When my family moved from a podunk town in South Korea to a slightly-less-but-still-relatively podunk town in Texas, I had two things working against me. One, I was a dumber-than-average 5-year-old, and two, I didn’t know a lick of English.
Shortly after we moved, my mom got wind of the Great American Concept- garage sales. Every weekend, she convinced my reluctant dad to drive around while she scoped out random neighborhoods for steals and deals.
As we were walking home after kindergarten one day, my mom spotted
a garage an apartment sale in a unit close to our own.
I was still trying to learn to speak me some American, so I didn’t understand what the mother-and-daughter duo were saying. Before I knew it, we were inside their apartment. Were we taking a tour? Were we looking at additional items for sale? Who the hell knows; I was five.
In the daughter’s room, I spotted a Monchhichi doll. Yes! I’d been eyeing one at the local five-and-dime, and I couldn’t believe I was going to get one that day…at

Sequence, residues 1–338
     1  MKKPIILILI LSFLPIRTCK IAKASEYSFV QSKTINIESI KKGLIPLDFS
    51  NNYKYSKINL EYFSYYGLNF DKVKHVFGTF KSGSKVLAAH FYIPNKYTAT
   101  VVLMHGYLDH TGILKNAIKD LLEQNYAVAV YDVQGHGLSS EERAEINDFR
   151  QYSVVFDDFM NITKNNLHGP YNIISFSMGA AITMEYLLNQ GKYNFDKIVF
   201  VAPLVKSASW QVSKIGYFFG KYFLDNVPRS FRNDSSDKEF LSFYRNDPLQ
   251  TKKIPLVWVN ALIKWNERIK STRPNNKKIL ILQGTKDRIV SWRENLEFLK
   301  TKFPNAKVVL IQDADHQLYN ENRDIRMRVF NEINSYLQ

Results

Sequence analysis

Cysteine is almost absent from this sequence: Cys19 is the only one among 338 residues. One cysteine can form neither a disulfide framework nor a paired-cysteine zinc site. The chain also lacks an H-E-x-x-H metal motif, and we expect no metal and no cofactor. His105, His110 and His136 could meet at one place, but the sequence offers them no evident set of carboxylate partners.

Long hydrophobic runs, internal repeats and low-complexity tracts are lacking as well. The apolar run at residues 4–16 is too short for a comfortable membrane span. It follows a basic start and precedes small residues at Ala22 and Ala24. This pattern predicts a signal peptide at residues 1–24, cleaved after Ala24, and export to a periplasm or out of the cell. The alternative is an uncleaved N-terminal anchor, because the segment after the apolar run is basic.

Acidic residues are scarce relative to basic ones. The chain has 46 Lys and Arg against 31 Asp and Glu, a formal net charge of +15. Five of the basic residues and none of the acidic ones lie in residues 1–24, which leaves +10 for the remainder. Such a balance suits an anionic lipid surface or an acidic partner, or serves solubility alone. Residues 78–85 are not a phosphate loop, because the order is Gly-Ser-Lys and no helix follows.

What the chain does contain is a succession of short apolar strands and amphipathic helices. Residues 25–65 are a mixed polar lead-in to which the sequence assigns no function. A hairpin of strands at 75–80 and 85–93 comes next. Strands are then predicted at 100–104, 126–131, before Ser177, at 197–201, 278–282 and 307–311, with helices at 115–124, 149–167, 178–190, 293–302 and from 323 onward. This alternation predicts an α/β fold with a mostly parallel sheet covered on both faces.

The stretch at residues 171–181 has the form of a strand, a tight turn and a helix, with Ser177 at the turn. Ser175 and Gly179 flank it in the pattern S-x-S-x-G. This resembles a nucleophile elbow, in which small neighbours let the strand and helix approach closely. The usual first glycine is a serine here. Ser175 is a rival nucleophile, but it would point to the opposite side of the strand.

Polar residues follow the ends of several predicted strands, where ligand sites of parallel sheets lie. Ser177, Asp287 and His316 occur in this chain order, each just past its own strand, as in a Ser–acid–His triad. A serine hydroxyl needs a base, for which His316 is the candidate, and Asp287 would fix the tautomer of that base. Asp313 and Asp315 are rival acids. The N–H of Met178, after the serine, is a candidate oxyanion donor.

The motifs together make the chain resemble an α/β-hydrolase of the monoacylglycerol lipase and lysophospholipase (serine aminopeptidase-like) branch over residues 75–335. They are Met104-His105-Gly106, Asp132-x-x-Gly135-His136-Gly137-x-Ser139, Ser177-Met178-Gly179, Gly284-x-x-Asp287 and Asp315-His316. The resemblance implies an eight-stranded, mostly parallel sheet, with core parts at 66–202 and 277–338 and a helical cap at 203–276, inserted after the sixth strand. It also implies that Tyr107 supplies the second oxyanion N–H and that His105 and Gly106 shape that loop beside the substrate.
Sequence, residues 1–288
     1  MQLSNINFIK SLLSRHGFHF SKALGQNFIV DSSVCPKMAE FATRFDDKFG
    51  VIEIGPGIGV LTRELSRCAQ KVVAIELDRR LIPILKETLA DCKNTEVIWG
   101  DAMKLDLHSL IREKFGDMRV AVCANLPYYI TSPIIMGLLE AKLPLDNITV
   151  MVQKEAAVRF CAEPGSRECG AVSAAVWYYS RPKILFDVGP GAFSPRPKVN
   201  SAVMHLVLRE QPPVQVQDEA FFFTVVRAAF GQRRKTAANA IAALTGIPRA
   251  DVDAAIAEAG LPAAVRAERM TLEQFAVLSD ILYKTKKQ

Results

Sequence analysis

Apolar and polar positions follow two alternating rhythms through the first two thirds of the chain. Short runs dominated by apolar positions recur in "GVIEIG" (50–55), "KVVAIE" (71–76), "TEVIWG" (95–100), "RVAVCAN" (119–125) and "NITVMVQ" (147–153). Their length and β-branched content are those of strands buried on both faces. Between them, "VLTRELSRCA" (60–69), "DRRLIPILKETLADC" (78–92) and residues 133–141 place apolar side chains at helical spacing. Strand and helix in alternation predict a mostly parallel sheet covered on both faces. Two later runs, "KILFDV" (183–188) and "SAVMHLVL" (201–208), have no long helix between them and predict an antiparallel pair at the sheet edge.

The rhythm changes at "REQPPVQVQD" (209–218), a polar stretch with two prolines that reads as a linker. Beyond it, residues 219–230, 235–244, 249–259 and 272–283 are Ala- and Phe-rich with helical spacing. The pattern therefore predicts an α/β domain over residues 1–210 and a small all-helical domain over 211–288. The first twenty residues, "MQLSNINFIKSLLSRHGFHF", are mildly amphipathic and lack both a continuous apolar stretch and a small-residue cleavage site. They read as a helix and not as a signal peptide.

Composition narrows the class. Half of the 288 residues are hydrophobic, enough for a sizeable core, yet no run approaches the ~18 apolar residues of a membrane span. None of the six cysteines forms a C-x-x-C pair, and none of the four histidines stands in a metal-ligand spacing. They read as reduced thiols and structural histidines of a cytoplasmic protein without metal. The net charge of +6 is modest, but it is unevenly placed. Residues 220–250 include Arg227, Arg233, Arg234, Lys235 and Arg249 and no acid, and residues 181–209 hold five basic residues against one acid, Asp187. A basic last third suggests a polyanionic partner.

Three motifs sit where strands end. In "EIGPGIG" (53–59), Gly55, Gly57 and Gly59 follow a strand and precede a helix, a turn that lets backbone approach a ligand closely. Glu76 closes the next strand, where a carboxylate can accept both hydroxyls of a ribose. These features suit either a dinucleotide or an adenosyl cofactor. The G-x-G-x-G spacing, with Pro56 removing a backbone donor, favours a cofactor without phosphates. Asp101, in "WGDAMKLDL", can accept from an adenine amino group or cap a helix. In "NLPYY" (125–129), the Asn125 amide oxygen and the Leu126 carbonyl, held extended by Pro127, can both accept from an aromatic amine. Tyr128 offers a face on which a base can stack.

garage apartment sale prices, no less.
I started carrying it around. In my mind, we were already at home and I was adoring it and loving it and playing with it. God, I loved America. I asked how much they wanted for the doll in broken English as we were about to exit.
The next five minutes were a little fuzzy. All I could piece together was that the doll was NOT for sale and the little girl was getting a little worried that I was doing some sort of immigrant five-finger discount.
I didn’t take that baby home. My mom refused to buy it for me full price. Damn you, garage sales, for teaching my mother to think everything should cost a quarter.
At Target this week, I spotted a Monchhichi doll. I wanted to bring it home for Cal so that she wouldn’t have any repressed Monchhichi doll issues as an adult.
Who am I kidding?? She doesn’t even know what a Monchhichi doll is!
I wanted it for myself, but shiz, you know, The Project. I stood in front of the display for nearly ten minutes. I gave myself a little pep talk. Surely, if I could resist the temptations of sparkly dresses and butter-soft sandals and manicures and pedicures and fast food and Starbucks and gorgeous sweaters and even new socks, I should be able to walk away from a furr-baby.
Apparently, the market rate for doom is $9.29. I bought it. It’s official. I’m a Project Fuck-up.
I thought about returning my new friend, Chhichi, but I’ve already kissed her and petted her and licked her face, so I’m not sure Target wants her back.